“With the help of strategically timed repacks and shrewd marketing, they’ve delivered an album that has been Top 10 for 35 of its 53-week life span, and has been Top 5 for the last six weeks! Also, three BRIT nominations, not to mention a Grammy win, mean that we can carry the momentum deep into 2021.”

Longevity is the key to the majority of titles in the Top 10 for Q1, including Harry Styles’ late 2019 release Fine Line (Columbia) at No.3 (61,419 sales), Pop Smoke’s posthumous 2020 No.1 debut Shoot For The Stars Aim For the Moon (Polydor) at No.4 (59,536 sales) and Lewis Capaldi’s Divinely Uninspired To A Hellish Extent (EMI) at No.6 (55,388) and now on its 100th chart week. Catalogue from Queen and Fleetwood Mac also has staying power in the streaming era.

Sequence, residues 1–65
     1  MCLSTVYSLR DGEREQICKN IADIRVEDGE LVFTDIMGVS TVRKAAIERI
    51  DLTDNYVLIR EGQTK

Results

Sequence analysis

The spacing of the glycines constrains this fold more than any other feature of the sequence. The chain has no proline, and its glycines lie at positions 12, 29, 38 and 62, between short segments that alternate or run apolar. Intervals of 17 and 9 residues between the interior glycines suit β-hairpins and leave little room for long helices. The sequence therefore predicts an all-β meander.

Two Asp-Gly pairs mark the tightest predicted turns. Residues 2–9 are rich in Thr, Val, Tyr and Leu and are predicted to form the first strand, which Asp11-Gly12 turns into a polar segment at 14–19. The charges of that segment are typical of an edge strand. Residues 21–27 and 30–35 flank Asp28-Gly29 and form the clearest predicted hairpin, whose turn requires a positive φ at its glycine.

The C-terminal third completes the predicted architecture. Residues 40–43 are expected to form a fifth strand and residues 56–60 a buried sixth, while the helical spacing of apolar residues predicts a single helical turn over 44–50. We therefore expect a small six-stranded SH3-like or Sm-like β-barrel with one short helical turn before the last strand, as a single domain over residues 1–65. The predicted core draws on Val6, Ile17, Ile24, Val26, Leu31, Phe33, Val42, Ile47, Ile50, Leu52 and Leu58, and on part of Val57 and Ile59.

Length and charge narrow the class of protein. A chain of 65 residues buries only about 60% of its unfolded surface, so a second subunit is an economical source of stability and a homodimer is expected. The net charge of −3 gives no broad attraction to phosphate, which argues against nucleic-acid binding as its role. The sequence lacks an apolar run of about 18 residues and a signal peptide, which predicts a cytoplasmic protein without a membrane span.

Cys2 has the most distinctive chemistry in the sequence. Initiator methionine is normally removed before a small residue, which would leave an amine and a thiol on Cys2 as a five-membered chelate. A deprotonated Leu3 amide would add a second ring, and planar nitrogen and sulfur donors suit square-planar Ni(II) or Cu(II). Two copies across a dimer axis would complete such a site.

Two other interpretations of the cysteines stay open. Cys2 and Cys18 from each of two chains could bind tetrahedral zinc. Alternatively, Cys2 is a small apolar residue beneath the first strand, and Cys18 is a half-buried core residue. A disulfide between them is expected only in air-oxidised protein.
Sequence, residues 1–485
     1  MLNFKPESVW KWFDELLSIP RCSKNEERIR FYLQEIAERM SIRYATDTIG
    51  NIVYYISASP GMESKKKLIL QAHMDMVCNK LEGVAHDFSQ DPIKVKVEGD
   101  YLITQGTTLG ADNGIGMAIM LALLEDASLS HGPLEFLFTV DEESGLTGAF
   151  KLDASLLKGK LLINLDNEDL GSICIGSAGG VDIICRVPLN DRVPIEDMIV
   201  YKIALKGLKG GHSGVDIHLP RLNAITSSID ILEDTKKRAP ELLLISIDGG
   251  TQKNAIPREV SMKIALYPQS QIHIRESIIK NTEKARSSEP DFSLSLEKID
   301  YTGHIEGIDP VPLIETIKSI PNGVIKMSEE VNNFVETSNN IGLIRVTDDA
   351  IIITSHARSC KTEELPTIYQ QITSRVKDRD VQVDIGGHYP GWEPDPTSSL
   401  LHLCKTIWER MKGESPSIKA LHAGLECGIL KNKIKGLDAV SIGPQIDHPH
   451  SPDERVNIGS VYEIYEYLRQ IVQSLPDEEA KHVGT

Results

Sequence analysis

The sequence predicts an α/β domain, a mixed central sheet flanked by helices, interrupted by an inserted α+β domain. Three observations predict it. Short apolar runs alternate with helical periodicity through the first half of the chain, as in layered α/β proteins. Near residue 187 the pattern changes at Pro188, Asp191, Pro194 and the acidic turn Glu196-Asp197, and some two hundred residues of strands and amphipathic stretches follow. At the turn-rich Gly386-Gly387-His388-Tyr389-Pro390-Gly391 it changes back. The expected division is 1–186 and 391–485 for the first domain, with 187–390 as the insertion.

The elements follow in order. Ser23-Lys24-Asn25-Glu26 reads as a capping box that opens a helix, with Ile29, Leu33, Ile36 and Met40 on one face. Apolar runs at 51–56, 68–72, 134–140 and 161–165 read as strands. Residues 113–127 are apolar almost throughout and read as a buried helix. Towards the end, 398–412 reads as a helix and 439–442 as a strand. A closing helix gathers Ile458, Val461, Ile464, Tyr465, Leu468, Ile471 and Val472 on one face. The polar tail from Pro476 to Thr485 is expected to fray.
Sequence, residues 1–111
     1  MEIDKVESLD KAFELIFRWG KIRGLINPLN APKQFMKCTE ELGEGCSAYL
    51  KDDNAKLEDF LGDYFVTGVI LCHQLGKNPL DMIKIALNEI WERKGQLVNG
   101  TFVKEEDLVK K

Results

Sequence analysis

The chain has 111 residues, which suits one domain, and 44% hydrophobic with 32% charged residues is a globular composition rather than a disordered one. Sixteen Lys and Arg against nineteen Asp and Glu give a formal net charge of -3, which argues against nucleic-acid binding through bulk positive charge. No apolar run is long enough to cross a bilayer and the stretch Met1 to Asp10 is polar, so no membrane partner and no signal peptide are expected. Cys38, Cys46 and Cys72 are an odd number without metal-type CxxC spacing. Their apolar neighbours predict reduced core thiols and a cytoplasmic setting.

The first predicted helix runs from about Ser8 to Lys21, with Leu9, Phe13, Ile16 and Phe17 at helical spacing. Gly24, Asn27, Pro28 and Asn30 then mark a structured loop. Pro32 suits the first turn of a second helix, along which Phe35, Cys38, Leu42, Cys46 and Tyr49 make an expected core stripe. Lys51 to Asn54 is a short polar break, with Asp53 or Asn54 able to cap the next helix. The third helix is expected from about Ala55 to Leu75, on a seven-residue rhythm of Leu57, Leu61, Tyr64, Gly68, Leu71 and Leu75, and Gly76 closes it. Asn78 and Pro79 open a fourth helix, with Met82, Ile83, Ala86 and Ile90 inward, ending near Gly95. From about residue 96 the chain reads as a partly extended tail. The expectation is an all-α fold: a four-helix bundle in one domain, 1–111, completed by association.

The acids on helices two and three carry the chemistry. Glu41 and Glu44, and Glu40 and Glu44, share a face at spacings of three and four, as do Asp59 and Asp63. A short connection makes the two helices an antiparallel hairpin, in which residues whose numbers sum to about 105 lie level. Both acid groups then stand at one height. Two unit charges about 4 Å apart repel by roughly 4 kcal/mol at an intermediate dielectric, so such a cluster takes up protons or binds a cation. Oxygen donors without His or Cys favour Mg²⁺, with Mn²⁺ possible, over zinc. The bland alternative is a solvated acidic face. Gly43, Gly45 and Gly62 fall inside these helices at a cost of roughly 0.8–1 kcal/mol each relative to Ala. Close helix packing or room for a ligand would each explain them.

Despite the market shift, it’s not just about DSPs determining OCC rankings. The second biggest album of Q1 was Foo Fighters’ Medicine At Midnight (Columbia), which moved 66,231 units (including 31,617 physical sales in week one).

“The band are endlessly creative and active so that will keep this album active throughout 2021,” says Charles Wood, Sony Music UK’s VP of market planning & media. “Medicine At Midnight is a record that has clearly reacted well with the Foos’ fanbase, so we want to keep broadening out the reach of this record as far as we can. Last week saw the announcement of the What Drives Us documentary film, due out on Amazon Prime at the end of the month.”

The album’s vinyl performance was particularly impressive.